• European Financial Reporting Advisory Group (EFRAG) announced the delay in the release of sector specific sustainability reporting standards to prioritise work on the horizontal standards.


  • 21 Republican state attorneys general published an open letter to over 50 US asset managers expressing legal concerns over their ESG goals and practices

Recent policy developments and implications for investors, lenders, issuers, and borrowers

UK Government announced its broad Energy Security Plan ‘Powering Up Britain’

On 30 March 2023, the UK Government launched multiple key announcements on green finance, net zero and energy security. This included a very large package of documents, consultations and announcements:

Strategies and Plans

  • Net Zero Growth Plan [1]: sets out the government’s revised net zero strategy and its response to Chris Skidmore’s net zero review.
  • Energy Security Plan [2]: sets out the government’s steps to ensure that the UK is more energy independent, secure and resilient.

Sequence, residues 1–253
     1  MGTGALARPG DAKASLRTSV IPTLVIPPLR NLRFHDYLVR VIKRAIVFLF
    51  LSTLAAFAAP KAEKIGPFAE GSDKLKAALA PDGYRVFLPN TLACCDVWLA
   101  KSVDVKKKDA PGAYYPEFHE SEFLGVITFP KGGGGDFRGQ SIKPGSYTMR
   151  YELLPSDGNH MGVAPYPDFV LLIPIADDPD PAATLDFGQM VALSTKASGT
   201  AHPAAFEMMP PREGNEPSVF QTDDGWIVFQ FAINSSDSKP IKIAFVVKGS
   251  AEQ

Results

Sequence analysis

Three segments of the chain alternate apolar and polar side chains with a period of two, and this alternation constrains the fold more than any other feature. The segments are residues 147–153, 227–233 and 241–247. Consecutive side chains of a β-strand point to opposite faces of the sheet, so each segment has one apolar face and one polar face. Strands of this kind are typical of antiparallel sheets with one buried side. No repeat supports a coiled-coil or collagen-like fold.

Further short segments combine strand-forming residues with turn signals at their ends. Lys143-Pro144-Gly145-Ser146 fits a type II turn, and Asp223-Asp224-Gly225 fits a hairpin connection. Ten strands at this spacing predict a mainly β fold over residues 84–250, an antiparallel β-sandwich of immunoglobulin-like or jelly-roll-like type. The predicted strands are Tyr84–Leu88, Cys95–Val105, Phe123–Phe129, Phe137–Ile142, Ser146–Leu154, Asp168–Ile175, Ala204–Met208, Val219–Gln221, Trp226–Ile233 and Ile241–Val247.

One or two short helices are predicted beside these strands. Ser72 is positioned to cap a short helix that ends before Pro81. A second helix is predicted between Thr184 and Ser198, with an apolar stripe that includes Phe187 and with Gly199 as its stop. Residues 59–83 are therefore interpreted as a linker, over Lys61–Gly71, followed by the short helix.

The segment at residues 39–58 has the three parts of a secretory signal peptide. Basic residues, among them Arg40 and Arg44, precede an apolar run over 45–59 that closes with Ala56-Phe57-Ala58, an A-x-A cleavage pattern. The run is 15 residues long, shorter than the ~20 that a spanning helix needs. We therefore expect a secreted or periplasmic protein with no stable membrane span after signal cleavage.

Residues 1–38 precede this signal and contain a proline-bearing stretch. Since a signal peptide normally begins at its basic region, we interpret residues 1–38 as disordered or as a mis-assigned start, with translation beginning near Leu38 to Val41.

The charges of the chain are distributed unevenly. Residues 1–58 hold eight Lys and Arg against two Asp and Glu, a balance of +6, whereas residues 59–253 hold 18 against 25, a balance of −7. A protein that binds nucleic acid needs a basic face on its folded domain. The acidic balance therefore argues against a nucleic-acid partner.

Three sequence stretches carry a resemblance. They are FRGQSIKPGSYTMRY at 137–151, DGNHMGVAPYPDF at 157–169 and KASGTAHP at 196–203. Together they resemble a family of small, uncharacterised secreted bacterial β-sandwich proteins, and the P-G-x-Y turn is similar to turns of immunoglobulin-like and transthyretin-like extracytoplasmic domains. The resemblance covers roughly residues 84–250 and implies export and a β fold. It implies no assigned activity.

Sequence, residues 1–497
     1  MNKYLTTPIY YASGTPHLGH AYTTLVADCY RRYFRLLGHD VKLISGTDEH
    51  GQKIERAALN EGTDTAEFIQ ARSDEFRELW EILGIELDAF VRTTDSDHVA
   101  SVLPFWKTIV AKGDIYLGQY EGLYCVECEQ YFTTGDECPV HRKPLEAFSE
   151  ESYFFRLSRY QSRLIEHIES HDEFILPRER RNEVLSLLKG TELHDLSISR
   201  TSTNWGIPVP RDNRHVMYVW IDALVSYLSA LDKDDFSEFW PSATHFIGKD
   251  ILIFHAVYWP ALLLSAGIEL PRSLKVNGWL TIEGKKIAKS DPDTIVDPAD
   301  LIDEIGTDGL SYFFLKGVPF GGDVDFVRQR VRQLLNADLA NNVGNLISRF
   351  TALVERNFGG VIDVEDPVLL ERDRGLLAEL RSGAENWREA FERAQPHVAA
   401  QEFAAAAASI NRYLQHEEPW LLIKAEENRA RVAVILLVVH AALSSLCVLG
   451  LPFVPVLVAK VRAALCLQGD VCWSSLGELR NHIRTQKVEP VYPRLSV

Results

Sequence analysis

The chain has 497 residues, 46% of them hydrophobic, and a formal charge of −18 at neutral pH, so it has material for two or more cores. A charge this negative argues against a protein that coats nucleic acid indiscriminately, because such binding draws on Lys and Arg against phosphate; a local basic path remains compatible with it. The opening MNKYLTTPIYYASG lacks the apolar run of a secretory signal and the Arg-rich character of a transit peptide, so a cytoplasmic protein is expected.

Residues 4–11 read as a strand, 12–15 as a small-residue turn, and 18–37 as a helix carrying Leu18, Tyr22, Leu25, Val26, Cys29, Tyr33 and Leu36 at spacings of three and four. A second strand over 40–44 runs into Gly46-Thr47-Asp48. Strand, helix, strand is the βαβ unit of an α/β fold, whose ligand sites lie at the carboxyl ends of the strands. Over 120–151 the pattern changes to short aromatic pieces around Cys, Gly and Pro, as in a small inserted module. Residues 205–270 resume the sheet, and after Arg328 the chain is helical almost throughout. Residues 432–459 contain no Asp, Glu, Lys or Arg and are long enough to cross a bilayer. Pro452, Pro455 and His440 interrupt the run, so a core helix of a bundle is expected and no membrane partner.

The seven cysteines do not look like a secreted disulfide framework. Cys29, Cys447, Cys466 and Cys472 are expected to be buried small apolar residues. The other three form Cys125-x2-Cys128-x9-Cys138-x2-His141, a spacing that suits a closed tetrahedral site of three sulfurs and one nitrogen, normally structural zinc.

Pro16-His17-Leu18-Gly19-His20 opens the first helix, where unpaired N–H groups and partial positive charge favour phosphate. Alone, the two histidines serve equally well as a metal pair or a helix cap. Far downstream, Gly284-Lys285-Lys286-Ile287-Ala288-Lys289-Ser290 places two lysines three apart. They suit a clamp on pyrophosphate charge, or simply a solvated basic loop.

• Green Finance Strategy [3]: provides an update to the government's 2019 Green Finance Strategy.
  • Powering Up Britain [4]: sets out how the government aims to enhance the UK's energy security, seize the economic opportunities of the low carbon transition, and deliver the government's net zero commitments. 
  • Nature Markets Framework [5]: identifies proposals on developing a market for nature within the UK.
  • International Climate Finance Strategy [6]: identifies the ambitions and policies of the government on the provision of climate finance globally.
  • UK 2030 Strategic Framework for Climate and Nature [7]: sets the direction for the UK’s approach to international action on nature and climate to 2030.


  • Consultation [8] on the regulation of ESG ratings providers.
  • Consultation [9] on options for dealing with carbon leakage, including proposals for a UK carbon border adjustment mechanism (CBAM).

The revised Green Finance Strategy has the stated objectives of providing greater private investment in the green economy, increased financial stability against key climate risks, and aligning global financial flows with climate and nature benefits [10]. Some of the most notable announcements in the strategy include:

  • Consulting on transition plan requirements for large UK companies: A number of large UK-listed companies will be required to disclose transition plans on a ‘comply or explain’ basis. This initiative would be supported by the UK Transition Plan Taskforce, which is developing best practices for companies and investors seeking to disclose transition plans.